‘Ouija’ Wastes Your Time ; ‘St. Vincent’ Worth Your While for Murray Alone




In Ouija, a group of friends must confront their most terrifying fears when they awaken the dark powers of an ancient spirit board. Stiles White directs the supernatural thriller that is produced by Platinum Dunes partners Michael Bay, Brad Fuller and Andrew Form (The Purge, The Texas Chainsaw Massacre, Friday the 13th) alongside Blumhouse Productions’ Jason Blum (Paranormal Activity and Insidious series, The Purge), Bennett Schneir (Battleship) and Hasbro. (c) Universal

PG-13 (for disturbing violent content, frightening horror images, and thematic material)

Action & Adventure , Horror , Mystery & Suspense

BY Adam Fedelman

Out of respect for the filmmakers and actors, I don’t walk out on films. I hold true to that even when I know in the first 10 minutes the film’s not for me. Perhaps the second act could surprise me. Maybe the whole film is a flop but it redeems itself with shock and awe in the last 5 minutes.

But let’s be honest: As much as you can tell yourself you’ll walk into “Ouija” with an open mind, it’s impossible to have high hopes about this latest “horror” film in a tiresome string of formulaic attempts. You’re not expecting Oscar-caliber performances and that’s why these kinds of films can get away with casting no one you’ve ever heard of.

This time, Olivia Cooke takes center stage. You might remember her if you saw this year’s sci-fi flop “The Signal” with Laurence Fishburne. She looks like a younger Rose Byrne. Frankly she’s literally the one thing – person or otherwise – that remotely nears something that is even somewhat passable in this major bomb of an 89-minute film. Clocking in at 85 minutes too long, this simple, formulaic, safe, riskless, going-nowhere story could have been told just in 4.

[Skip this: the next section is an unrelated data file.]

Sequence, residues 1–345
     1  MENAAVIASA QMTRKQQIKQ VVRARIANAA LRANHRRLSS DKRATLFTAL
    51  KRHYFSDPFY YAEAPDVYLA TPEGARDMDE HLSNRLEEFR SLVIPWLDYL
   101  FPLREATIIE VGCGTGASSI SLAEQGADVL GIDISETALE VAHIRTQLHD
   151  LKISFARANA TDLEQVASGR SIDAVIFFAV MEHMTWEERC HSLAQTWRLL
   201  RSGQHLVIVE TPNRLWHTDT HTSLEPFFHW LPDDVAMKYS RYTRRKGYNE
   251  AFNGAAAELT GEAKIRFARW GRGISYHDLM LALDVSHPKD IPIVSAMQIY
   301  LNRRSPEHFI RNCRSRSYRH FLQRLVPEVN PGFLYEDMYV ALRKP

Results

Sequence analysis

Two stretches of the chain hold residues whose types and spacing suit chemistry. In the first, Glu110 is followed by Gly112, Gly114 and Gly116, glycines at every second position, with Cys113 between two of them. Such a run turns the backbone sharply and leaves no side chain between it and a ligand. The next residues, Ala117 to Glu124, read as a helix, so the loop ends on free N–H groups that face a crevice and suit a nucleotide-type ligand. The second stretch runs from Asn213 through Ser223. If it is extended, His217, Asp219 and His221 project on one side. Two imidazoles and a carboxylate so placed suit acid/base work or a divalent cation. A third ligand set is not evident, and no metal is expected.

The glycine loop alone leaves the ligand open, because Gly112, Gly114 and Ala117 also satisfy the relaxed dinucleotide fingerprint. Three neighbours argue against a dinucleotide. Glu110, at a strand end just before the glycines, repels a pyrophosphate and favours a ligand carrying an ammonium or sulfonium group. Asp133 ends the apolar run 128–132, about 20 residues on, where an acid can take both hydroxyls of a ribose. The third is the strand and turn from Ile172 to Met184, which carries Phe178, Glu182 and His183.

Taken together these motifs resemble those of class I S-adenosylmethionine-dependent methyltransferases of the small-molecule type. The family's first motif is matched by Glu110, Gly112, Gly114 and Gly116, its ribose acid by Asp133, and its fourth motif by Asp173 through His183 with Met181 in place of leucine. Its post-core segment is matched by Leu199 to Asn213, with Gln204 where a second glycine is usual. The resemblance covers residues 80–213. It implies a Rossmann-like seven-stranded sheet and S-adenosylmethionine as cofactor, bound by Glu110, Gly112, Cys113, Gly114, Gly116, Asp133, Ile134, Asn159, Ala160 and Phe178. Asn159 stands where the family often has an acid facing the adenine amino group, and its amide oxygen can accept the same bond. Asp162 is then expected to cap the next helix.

In truth, 4 minutes is generous. I’ll sum it up in one paragraph that takes you 20 seconds to read.

“Hollywood newbies cast in amateur horror movie from famous producers for acting credit to build resume. No time to develop story or budget for quality filmmaking. The script has actors artificially pretending to be scared over a poor excuse for a plot device – a board game – that delivers no real fear. Furthering said weak plot device, the film will devolve yet again into ghosts from the past who desire reconciliation while offering literally not a single thing new to the genre.”

As many films don’t dare to be original and they instead often “borrow” from others, I find accidental humor in one of this story’s most ridiculous steals. Remember the 2013 film “Mama” with Jessica Chastain from the creator of “Pan’s Labyrinth,” which, by the way, I didn’t hate and I still periodically like to whisper “mama” in a creepy voice in the middle of the night? Well, “Ouija” pretty much has the same ghostly villain, but they rename her “Mother”.

With a tagline like “Keep telling yourself it’s just a game,” the film’s propaganda fails to convince you it’ll be anything but the flop it is. Translation: It literally is just a game and the film is trying too hard to make a movie of itself where none exists.

Not once did I bat an eye or jump out of fear – I mean not once, and yes, I was counting – but three times I did laugh when someone next to me jumped. He felt embarrassed because he was probably afraid of meeting his in-laws or trying his new detox regimen instead of something scary that actually happened in this film.

Even more of a grievous offense, this film does nothing new. The aforementioned ghost reconciliation story has been Hollywood’s addiction for longer than I’ve been alive. We’ve seen eyes glaze over white when the human is taken over by a nefarious spirit. We’ve also seen the stitched-up mouth, which this film so desperately weaves into its core to attempt to instill fear.

While I don’t like to point fingers, it’s time to. Unknown actors Olivia Cooke, Daren Kagasoff, Ana Coto, Douglas Smith and the brief role by Shelley Hennig aren’t to blame here. Nor is the more experienced Lin Shaye, who yet again plays the batshit crazy lady – or not? – just as she has recently in “Insidious” and “Insidious: Chapter 2”.

I don’t even blame first-time director Stiles White, who has historically only worked in special effects (“The Sixth Sense,” “Jurassic Park III”). White once again wrote the failed script for “Ouija” with Juliet Snowden after they bombed writing another poor horror film together in 2012 known as “The Possession”. Clearly these two need to stop working together, but let’s call a spade a spade.

While we typically think of actors or writers/directors as the cause for a film’s implosion, “Ouija” – and so many horror films like this recently – fails because of its producers. The list is long and includes Snowden, but I blame the influence of Michael Bay and Brian Goldner – who critics love to pan for “Transformers” – and Jason Blum. Blum’s Blumhouse Productions has been a part of nearly every horror film of late.